Campaign manager Camila Cisnero (L) and Ashley Gantt celebrate the news of Gantt’s victory during a FaceTime call with political consultant Maya Brown.

The real work has just begun for 37-year-old attorney Ashley Gantt, the representative-elect for State House District 109 who ousted incumbent James Bush III by just under 500 votes last week.

The Democrat-leaning district covers Liberty City, Overtown, Opa-locka, Miami Lakes, Hialeah, North Miami and Brownsville.

Like Fannie Lou Hamer, who was sick and tired of being sick and tired, Gantt says its time the community saw real change. Dozens of progressive leaders, advocacy organizations and now voters, who backed the candidate, seem to agree.


An overwhelmed Ashley Gantt being reassured by campaign manager Camila Cisnero after getting teary-eyed about her victory for House District 109 on Election Day.

“I put in the work, I was earnest,” said Gantt about the astonishing victory. “I was very genuine and sincere with my desire to help my community. I knew that I was going up against 30 years of name recognition, and I didn’t think it would be easy. And it wasn’t.”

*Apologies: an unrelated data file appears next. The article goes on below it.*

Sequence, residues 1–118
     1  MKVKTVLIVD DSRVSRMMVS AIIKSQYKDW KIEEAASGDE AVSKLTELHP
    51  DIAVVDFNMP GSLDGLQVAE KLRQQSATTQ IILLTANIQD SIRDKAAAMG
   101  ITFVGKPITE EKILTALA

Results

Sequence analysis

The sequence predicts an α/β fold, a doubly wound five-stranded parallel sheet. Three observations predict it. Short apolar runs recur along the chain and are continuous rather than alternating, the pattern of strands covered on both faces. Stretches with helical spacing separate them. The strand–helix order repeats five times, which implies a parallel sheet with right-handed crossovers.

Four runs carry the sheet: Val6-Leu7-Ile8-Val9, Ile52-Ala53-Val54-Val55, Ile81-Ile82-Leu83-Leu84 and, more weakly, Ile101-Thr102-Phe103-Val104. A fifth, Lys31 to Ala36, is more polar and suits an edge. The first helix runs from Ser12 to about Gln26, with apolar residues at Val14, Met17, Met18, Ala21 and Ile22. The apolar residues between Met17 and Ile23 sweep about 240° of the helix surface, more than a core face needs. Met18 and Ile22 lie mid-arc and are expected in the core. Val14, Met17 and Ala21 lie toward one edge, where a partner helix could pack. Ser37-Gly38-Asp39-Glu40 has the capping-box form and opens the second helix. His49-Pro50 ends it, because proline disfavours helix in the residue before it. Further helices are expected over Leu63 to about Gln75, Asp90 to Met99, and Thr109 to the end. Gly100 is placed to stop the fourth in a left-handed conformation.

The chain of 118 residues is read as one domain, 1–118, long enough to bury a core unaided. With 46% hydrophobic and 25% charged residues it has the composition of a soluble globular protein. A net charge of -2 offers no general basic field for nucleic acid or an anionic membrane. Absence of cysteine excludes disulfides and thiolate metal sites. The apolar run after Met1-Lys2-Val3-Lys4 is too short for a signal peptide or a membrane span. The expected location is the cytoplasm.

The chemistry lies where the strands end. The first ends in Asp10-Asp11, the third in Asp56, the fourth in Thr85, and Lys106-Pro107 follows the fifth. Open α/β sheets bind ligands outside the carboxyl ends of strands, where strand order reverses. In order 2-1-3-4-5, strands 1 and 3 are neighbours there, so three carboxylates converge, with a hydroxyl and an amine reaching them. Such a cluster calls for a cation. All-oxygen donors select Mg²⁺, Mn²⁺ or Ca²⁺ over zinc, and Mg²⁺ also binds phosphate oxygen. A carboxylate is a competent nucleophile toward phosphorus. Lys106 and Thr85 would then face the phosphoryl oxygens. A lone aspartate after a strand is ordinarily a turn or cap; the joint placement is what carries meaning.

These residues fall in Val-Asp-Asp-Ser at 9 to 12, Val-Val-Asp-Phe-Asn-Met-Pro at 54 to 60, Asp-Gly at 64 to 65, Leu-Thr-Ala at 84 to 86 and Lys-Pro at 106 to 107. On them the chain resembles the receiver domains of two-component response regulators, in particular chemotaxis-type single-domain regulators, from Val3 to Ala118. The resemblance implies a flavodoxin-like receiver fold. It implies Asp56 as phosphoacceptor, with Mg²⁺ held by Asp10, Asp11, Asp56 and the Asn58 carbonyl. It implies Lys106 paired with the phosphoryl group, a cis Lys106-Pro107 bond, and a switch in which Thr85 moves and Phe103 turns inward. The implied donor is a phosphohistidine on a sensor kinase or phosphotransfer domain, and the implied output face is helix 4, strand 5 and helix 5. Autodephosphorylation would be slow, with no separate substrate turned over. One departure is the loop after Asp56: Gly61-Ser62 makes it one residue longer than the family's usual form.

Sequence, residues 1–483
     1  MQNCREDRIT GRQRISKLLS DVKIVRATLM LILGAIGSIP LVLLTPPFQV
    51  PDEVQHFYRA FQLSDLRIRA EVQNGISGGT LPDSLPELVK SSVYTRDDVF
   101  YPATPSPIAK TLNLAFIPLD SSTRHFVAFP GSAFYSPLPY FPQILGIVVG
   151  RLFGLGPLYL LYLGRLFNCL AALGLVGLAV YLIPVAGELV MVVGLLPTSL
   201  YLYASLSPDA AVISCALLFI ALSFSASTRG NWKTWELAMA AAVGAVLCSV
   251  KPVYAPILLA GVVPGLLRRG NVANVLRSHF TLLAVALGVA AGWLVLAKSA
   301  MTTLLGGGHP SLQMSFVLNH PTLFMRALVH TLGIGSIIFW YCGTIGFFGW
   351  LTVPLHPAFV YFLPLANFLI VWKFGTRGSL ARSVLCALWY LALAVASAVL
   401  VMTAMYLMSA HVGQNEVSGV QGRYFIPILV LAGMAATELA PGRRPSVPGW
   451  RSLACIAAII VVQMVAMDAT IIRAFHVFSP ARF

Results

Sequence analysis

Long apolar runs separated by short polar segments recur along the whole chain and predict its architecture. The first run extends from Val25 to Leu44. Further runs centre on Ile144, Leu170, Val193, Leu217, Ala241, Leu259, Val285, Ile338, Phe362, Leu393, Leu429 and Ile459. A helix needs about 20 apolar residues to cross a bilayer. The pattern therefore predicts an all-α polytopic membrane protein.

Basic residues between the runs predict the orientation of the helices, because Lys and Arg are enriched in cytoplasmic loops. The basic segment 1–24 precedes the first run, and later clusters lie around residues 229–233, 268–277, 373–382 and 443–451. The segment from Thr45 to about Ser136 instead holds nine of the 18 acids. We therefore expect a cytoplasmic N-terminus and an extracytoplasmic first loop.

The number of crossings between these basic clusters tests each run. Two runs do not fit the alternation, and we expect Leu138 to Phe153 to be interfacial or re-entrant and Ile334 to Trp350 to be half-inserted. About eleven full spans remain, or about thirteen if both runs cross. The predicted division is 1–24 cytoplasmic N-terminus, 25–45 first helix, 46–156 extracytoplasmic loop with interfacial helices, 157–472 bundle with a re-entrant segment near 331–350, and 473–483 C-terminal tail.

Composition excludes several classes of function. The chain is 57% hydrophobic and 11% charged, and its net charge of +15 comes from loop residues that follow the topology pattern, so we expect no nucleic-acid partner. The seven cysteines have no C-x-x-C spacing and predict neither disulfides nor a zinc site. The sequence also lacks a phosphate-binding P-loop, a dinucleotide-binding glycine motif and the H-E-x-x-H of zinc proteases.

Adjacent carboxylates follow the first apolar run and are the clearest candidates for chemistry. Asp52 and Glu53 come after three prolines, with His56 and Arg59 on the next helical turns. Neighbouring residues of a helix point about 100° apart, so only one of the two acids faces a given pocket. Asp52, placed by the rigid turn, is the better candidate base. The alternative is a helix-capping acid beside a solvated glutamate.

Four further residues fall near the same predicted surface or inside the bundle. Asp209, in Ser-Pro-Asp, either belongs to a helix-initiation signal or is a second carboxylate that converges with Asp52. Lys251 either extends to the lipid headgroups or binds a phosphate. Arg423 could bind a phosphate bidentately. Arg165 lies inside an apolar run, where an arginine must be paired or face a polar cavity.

Bush’s defeat came after he was criticized for being too cozy with Gov. Ron DeSantis, and for being the only Democrat to back the 15-week abortion ban and the Florida Parental Rights in Education Act known as the “Don’t Say Gay” bill.

Gantt, a former assistant public defender with her own private practice for estate planning, criminal defense, personal injury and probate representation, assured supporters that she would vote in favor of reproductive rights.

Gantt Pizzo

District 109 Representative-Elect Ashley Gantt being congratulated by Sen. Jason Pizzo at her victory party.

“It’s one thing to have a personal reason on one vote or two on a particular subject,” said District 38 Sen. Jason Pizzo. “But summarily across the board, some of the most controversial and draconian culture war bills that have come out, [Bush has] voted for. So it was a long time coming in trying to find somebody to represent the area.”

Pizzo, also an attorney whose senate district overlapped with Bush’s before redistricting, gave Gantt one of her earliest and most notable endorsements.

District 109 also overlapped with Sen. Shevrin Jones’ District 34 and Rep. Dotie Joseph’s District 108.


Ashley Gantt reviewing election results as they come in with consultant Christian Ulvert and campaign manager Camila Cisnero.

Joseph did not mince words about the ways Bush failed to work with colleagues in addressing issues that crossed various House districts.

“Rep. Bush was either unresponsive, territorial or standoffish,” Joseph told The Miami Times regarding her efforts to partner with him on food distribution events and on issues such as housing insecurity.

“He has repeatedly chosen the side of the governor,” she continued. “And rather than stand up for our community, Rep. Bush would rather trip over himself (and others) for pathetic photo ops with a man who has basically declared political war on Black people, women, immigrants and any other marginalized groups he finds politically expedient.”